Every day began with a dance that hardly ever stopped.
After three years of production, we welcome the sound of „The Africa Chamber”, the third album by Mapstation. Since 2001, Stefan Schneider has been working under this moniker. Nevertheless, this new release marks a premiere for the Dusseldorf-based artist: it is the first album produced by Schneider himself. Delving deeper into the sounds and subjects already explored on his previous outings “Map Of Africa” (2002) and “Loin D’Afrique” (2006), this record expands on Mapstation’s tentative love and study of the African continent.
Like his earlier aural collages, „The Africa Chamber“ treats this region not only as a geographic location, but more so as a symbol of unknown terrain, of distant shores awaiting our exploration. Indebted to myth rather than reality, this destination becomes an envisioned and visionary realm – which in turn triggers responses in our body. Here, we find ourselves confronted by the unknown and unfamiliar, by things that might take us to uncharted territories. To this end, music serves as an enchanted means for getting seduced and whisked away by the unknown.
Unfettered by the fetish of authenticity, but rather bolstered by various encounters on neutral, diasporic grounds like European Internet cafes („Unitel“), African beauty parlours („The Protector“) or folkloristic kitsch figurines (“Return Of The Hunter”), Schneider prefers an associative approach to music that is firmly – and deliberately – rooted in speculation. His “Africa Chamber” becomes a fanciful wunderkammer of would-be African sounds. In this spirit, the album retraces the subconscious cultural amalgamations that shape our contemporary mainstream culture and reciprocal influences, from the digital replication and recreation of jungle ambience for the Antwerp Zoo (“Nocturama”) to the illustrated Swedish porcelain gracing Mapstation’s cover, heavily influenced by African art.
In a fitting twist, Schneider’s inimitable Mapstation sound – conjuring up broad and expansive soundscapes from a bare minimum of synthesizer arpeggiators – has started to incorporate more and more analogue percussion for a coarser, less predictably textured sound. Amplifiers are miked up. Distortion, overamplification and feedback claim their rightful space. Meaning: sounds are confronted, not neutralised. Besides a plethora of percussive hollowware like vases or pitchers and prepared piano passages – recorded in the studio of Dusseldorf-based pianist and composer Volker Bertelmann aka Hauschka – the album relies mainly on digital synths, reawakened and injected with new warmth.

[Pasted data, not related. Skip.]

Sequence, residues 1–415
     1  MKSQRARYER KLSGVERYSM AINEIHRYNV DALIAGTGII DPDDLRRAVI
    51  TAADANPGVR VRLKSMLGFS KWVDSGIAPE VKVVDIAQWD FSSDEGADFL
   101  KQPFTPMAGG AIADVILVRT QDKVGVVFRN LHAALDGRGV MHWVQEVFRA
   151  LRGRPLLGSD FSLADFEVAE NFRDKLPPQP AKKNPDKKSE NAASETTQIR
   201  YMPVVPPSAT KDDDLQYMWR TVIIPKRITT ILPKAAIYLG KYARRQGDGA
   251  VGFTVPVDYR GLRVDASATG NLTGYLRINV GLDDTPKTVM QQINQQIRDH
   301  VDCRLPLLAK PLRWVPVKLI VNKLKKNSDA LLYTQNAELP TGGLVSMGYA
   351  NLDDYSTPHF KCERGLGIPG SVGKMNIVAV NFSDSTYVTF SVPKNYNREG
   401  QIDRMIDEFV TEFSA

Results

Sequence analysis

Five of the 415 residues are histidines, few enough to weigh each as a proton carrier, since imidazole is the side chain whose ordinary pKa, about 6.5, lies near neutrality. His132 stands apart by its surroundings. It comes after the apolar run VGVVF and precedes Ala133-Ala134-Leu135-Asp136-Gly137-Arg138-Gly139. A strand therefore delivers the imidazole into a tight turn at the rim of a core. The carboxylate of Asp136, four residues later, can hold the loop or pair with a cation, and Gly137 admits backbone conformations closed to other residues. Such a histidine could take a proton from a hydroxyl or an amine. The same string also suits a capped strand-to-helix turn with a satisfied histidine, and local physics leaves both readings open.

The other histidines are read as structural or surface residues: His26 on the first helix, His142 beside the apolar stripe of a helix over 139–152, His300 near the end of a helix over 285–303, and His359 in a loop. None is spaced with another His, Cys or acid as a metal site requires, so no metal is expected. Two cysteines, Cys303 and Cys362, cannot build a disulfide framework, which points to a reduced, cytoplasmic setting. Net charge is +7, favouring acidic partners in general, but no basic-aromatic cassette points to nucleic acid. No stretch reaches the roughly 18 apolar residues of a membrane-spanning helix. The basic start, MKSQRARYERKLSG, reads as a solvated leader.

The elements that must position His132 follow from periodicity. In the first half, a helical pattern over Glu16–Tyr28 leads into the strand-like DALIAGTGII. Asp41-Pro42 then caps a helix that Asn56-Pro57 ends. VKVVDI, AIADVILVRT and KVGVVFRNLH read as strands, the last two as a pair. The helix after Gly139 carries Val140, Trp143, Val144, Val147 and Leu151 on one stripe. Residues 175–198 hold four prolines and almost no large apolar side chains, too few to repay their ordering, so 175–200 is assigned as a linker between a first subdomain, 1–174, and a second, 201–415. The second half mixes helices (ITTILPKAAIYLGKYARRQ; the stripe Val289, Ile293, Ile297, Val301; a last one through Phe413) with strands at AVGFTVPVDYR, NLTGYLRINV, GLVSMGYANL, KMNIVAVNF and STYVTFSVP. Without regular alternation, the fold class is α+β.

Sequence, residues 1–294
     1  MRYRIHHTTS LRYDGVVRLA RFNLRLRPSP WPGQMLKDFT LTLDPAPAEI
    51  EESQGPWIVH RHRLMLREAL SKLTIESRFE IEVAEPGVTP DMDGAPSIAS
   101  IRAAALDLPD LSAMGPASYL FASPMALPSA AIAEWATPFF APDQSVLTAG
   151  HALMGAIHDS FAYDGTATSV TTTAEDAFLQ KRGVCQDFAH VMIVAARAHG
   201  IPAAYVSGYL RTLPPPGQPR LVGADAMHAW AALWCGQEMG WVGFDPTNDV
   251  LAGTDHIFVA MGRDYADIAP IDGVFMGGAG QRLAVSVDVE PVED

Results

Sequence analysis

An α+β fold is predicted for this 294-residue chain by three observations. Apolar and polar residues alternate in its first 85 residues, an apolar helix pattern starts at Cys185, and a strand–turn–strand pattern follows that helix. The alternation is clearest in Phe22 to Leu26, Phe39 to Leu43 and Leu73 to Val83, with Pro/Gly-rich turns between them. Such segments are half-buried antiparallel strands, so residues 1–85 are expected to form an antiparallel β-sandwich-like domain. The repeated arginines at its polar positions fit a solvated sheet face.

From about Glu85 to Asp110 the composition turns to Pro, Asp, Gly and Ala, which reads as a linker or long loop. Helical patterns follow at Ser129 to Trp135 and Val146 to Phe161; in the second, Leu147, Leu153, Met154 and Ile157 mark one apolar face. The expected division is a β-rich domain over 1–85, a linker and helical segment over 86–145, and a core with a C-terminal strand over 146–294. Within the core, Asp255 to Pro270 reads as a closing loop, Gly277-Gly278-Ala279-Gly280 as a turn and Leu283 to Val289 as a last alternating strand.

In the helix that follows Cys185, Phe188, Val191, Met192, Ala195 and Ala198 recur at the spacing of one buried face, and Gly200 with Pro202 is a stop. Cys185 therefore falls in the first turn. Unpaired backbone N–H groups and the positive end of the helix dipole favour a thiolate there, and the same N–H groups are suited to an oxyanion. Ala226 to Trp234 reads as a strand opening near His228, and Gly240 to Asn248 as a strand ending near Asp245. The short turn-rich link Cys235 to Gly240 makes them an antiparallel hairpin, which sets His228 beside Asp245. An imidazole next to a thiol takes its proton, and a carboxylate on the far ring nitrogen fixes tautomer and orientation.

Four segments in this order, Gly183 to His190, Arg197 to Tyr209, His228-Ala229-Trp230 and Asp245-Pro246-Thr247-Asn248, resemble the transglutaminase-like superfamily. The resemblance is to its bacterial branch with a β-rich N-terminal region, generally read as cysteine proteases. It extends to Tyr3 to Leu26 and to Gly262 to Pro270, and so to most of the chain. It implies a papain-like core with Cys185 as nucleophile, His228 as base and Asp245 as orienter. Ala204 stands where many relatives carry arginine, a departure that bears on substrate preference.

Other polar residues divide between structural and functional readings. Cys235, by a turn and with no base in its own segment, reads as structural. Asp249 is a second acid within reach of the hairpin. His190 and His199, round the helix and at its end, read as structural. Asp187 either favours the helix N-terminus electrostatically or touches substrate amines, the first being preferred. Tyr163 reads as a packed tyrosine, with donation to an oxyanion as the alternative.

Continuing his tradition of collaboration, Schneider also invited an eclectic range of master musicians to join him on this sonic journey. Annie Whitehead, on-stage staple of a. o. Robert Wyatt, Afrika Express/Damon Albarn or James Blood Ulmer and a welcome addition to Schneider’s previous album “Distance Told Me Things To Be Said” (˜scape 38), fleshed out two tracks (“Ensemble Of Four”, “Carmel”) with her spellbinding trombone. Nicholas Addo-Nettey, a vital addition to the “The Africa Chamber” since the early days (2006), also played percussion – alongside Tony Allen – for the seminal Fela Kuti Band in the 1970s. He has been living in Berlin since 1979 where he also music with his own band. Drummer Thomas Klein completes Mapstation’s trio of collaborators: When he does not provide driving rhythms to Schneider’s quiet contemplation, he plays drums for Kreidler, the Dusseldorf band that started Stefan Schneider’s own career between 1994 and 1999. In electronic music, Klein has few rivals when it comes to distinct and influential drumming.
Looking far and between, inspiration strikes in the most unlikely places. Once fascination extends its grip, you will encounter it anywhere.